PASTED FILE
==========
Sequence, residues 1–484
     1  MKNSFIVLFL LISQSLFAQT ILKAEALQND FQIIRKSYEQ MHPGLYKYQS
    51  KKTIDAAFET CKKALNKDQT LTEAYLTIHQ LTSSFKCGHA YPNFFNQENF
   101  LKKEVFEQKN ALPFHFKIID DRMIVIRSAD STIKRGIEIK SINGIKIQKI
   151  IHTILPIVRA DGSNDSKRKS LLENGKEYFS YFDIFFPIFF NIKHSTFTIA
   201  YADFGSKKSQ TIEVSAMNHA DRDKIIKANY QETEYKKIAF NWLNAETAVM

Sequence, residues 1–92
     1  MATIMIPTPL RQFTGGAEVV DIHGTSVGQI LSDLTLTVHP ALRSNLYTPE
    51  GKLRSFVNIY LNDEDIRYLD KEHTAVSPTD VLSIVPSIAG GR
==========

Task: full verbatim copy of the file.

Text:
Sequence, residues 1–484
     1  MKNSFIVLFL LISQSLFAQT ILKAEALQND FQIIRKSYEQ MHPGLYKYQS
    51  KKTIDAAFET CKKALNKDQT LTEAYLTIHQ LTSSFKCGHA YPNFFNQENF
   101  LKKEVFEQKN ALPFHFKIID DRMIVIRSAD STIKRGIEIK SINGIKIQKI
   151  IHTILPIVRA DGSNDSKRKS LLENGKEYFS YFDIFFPIFF NIKHSTFTIA
   201  YADFGSKKSQ TIEVSAMNHA DRDKIIKANY QETEYKKIAF NWLNAETAVM

Sequence, residues 1–92
     1  MATIMIPTPL RQFTGGAEVV DIHGTSVGQI LSDLTLTVHP ALRSNLYTPE
    51  GKLRSFVNIY LNDEDIRYLD KEHTAVSPTD VLSIVPSIAG GR